It seems as if the Conservative Party has found common ground with the Civil Service Employees Association when it comes to Gov. Andrew Cuomo’s Tax Free NY proposal.

The organization, which has strong ties to both the business community and an important third party for the Senate Republicans, panned the idea in a news release this afternoon.

The party takes the position held by some Republicans, like Senate Finance Chairman John DeFrancsico, that a broad-based approach to cutting taxes, which Cuomo says the state can’t afford.

“There is no doubt that upstate New York is in dire need of economic development, however, carving out specific areas is not the way to bring jobs to New York. While across the board cuts may have an immediate impact on state finances (reducing taxes one point costs about $6 billion according to the Governor) it makes a long-term commitment to the economy, not just the 10 years the SUNY tax-free proposal calls for,” the party wrote in its memo. “Across the board taxes and regulations must be cut in order to make it possible for all New York to prosper.”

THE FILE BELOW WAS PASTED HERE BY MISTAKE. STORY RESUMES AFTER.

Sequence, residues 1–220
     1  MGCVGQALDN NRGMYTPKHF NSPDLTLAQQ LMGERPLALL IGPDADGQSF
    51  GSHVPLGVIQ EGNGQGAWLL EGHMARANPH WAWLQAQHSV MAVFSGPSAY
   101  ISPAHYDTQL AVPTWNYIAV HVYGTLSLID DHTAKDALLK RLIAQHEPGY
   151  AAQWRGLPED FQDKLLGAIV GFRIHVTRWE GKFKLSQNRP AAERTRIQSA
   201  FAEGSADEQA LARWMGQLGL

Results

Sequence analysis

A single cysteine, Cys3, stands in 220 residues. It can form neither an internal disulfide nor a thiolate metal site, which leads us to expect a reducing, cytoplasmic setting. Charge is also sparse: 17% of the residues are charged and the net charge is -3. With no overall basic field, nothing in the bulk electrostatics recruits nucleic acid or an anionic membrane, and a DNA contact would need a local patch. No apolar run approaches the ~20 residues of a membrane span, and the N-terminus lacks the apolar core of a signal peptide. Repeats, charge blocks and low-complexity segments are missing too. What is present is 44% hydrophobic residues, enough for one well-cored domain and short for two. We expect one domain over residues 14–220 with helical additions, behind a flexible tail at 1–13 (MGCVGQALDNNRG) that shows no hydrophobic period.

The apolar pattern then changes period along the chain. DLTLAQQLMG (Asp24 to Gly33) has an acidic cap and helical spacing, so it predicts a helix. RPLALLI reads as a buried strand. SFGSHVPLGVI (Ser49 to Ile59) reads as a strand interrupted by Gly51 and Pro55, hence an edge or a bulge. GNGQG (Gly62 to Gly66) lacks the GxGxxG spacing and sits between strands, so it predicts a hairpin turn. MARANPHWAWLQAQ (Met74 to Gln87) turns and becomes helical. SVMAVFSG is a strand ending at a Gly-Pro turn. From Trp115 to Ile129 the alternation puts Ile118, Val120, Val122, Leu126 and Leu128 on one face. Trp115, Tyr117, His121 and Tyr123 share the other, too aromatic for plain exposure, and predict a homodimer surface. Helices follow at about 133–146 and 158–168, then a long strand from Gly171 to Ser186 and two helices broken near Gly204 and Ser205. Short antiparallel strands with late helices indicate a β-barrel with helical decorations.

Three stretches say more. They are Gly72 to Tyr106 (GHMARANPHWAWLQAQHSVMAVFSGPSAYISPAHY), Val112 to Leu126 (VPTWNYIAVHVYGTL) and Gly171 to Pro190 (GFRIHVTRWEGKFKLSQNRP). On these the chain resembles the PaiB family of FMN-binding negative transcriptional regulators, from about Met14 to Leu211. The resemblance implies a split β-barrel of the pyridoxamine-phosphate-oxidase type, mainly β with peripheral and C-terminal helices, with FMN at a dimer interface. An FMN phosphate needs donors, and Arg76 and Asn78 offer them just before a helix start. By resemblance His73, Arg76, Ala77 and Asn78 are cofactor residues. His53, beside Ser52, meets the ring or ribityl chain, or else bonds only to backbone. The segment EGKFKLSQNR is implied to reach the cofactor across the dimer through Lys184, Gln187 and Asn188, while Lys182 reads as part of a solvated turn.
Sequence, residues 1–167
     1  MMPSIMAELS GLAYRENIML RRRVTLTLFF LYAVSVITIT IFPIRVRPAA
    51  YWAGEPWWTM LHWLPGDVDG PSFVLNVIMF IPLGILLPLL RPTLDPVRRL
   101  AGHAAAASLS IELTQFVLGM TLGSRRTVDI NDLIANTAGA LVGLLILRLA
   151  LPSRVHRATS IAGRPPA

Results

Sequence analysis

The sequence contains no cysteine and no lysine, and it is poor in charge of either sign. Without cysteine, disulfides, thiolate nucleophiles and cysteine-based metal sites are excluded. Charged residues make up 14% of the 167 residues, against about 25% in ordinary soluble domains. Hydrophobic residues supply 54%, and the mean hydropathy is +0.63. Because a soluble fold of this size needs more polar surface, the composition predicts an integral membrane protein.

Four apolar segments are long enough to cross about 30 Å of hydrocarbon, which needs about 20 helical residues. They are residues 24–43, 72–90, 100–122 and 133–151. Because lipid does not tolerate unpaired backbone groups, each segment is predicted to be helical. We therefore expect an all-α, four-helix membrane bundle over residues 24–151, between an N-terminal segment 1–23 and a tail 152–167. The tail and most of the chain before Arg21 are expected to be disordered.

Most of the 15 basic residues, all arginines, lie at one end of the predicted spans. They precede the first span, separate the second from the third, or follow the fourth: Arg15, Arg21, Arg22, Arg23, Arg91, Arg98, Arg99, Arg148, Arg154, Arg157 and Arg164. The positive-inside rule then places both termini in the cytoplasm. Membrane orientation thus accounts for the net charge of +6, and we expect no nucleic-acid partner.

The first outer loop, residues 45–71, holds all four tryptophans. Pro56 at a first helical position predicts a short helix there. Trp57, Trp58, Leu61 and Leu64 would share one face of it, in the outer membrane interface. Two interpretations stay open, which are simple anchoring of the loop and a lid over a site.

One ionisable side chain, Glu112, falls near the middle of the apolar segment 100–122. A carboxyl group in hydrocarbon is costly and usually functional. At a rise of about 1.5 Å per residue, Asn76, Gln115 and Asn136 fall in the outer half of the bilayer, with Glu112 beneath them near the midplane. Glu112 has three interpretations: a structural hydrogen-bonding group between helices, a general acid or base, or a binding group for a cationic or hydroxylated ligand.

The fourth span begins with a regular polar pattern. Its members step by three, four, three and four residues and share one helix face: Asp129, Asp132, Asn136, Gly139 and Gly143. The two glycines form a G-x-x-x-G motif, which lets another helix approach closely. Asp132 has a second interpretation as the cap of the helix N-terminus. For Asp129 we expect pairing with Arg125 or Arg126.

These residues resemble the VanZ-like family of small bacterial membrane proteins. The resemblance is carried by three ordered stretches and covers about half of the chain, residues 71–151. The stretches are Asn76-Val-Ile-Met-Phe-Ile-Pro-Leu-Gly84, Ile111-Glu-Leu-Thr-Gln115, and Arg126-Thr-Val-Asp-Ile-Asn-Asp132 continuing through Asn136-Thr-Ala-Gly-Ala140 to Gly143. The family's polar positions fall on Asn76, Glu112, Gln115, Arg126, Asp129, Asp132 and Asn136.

And the party knocks the plan for creating winners and losers within the state’s tax code.

“Details are still unknown but it has been noted that SUNY presidents will have a strong say as to which businesses are eligible but unclear who else will be involved in determining who is allowed to take advantage,” the group writes. “As we have noted many times government should not be deciding what business receives government handouts that give them advantages over other businesses.”

The governor has pushed back on the “winners and losers” criticism as well, saying the tax code already provides incentives geared for specific sectors of the economy.

The propsoal has been around for less than two weeks, but Cuomo has put a lot of effort in promoting Tax Free NY with public events and TV ads airing.

Senate Republican Leader Dean Skelos has said he’s open to negotiating the idea with Cuomo without fully committing to passing it.